# I Speak Greek When I Teach Math–PART 3

Hopefully you’ve caught the first two parts of this story already.  If not, they are here and here.  🙂

After we had our cooking lesson, we got back into our groups to do a re-try of our posters.  Another thing that my friend Pam mentioned to me when we were talking about what could have gone wrong was that maybe the paper they were using was too big.  What?!  Something that simple?  It’s funny, because I hadn’t really considered that before she said it, but as soon as she did, it made perfect sense.  They only had a certain amount of information to share with other mathematicians, and many groups ended up with lots of white space they didn’t know what to do with.  Maybe it wasn’t a factor in our troubles, but it was worth taking a look at.  So as we started again, we used smaller posters. 🙂

We tried something else with this investigation, too–we invited another class (who didn’t know anything about our problem) to do our gallery walk with us.  This, we thought (ok, well I thought) would give us an even better idea of how we could revise our first drafts, since it was a “cold read” for them–they could only use the information we gave them to make sense of our mathematical ideas, rather than the context of the problem or background knowledge of the process.  So we invited Mrs. Hong’s class to work with us.  This was a PERFECT situation, because they had just finished a big problem, too, and needed someone to help them revise, too.  Match made in heaven, right?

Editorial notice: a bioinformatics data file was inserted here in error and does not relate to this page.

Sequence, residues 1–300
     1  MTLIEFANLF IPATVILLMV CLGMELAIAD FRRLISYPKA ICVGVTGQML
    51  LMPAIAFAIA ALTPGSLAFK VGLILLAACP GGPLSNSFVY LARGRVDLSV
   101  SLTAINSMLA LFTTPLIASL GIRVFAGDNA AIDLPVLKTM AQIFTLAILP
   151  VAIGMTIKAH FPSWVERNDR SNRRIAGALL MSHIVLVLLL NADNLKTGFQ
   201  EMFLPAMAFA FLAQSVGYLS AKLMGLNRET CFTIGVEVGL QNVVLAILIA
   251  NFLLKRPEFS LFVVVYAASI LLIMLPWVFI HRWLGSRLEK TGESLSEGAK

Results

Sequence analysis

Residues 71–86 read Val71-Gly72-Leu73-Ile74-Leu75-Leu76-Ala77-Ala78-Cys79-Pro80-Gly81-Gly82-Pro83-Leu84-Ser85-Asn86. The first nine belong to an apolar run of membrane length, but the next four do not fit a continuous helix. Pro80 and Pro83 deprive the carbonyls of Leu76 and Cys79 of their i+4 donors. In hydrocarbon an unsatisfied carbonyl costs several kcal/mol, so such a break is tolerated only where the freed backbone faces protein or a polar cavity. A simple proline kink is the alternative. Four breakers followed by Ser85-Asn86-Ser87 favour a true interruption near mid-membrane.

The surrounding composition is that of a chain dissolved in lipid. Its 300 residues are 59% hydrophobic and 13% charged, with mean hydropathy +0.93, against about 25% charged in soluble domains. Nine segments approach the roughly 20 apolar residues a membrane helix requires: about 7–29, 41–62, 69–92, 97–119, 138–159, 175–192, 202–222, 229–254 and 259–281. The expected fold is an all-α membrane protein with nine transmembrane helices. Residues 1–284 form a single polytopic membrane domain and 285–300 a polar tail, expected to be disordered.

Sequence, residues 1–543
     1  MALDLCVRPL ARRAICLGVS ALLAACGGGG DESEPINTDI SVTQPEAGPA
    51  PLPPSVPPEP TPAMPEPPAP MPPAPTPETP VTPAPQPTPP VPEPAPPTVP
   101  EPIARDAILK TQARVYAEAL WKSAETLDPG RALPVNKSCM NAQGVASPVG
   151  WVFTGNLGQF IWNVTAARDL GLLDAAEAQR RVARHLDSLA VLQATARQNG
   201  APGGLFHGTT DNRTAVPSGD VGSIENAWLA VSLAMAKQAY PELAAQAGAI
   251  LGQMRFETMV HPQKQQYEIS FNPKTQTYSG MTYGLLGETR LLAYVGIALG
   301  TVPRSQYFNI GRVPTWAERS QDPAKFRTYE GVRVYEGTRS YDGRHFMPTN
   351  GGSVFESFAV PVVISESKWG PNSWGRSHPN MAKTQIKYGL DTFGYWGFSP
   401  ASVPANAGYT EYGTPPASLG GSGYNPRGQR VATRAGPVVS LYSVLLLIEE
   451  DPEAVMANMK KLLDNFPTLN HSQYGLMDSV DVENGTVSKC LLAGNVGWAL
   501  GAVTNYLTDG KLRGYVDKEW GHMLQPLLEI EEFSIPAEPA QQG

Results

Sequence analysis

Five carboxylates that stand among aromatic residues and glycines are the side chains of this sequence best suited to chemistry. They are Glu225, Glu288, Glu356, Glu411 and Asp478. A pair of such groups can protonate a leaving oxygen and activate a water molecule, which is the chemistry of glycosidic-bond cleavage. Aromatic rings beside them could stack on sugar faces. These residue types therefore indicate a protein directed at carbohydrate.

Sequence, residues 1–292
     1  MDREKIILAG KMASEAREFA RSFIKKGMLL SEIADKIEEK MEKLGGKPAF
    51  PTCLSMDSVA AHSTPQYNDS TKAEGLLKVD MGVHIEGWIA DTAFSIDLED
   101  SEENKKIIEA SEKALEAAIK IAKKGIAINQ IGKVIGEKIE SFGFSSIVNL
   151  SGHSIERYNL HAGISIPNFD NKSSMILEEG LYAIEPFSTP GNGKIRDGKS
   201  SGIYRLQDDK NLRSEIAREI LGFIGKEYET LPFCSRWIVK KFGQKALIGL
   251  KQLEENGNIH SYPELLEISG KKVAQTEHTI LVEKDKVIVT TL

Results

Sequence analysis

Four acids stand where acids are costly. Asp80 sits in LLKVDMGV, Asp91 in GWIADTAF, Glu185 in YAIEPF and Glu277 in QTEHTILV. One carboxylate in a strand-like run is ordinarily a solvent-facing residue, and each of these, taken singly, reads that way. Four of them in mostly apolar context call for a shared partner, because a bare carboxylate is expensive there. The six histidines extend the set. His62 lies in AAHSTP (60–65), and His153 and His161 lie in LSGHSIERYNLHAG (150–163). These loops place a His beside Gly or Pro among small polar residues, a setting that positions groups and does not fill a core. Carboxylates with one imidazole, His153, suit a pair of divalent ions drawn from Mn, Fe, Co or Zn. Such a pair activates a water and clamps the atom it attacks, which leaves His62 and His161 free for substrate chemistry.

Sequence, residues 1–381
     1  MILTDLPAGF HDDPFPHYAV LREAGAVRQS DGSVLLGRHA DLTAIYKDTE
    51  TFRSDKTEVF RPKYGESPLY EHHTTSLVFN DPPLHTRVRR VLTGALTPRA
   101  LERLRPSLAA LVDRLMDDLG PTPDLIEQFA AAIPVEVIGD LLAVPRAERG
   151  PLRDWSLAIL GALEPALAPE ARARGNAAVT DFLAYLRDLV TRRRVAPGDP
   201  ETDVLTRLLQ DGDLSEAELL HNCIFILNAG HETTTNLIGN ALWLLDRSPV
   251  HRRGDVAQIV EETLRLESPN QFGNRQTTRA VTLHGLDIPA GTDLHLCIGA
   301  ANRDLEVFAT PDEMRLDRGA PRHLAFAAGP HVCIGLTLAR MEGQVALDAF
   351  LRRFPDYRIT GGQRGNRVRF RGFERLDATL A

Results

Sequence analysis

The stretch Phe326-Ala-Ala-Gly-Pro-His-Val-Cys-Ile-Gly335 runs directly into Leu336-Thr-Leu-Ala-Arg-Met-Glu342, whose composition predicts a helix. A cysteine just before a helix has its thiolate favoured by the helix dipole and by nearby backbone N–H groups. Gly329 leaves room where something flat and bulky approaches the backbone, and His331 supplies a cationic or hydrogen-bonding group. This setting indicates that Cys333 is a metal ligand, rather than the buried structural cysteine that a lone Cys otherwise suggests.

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I mentioned in my last post that I’ve been thinking about incorporating more with cooking into math next year, and this whole trade-classrooms-and-do-a-gallery-walk thing is another idea my team is considering doing more of.  We want to be more purposeful in how we create real-life, meaningful scenarios for our kiddos to solve, then use the knowledge and ideas of each other to help make the work even better.  Seeing another version of a problem you’ve also solved is very different than looking at a poster that is completely new. The mathematician has a much bigger job to do for these new viewers; every word, number and symbol they write is a clue to help them figure out the puzzle.

So what have you done with posters, gallery walks or real-life problem solving in your class?  What advice do you have for us as we work to continue these ideas with our mathematicians for next year?  We’d love to hear your thoughts. 🙂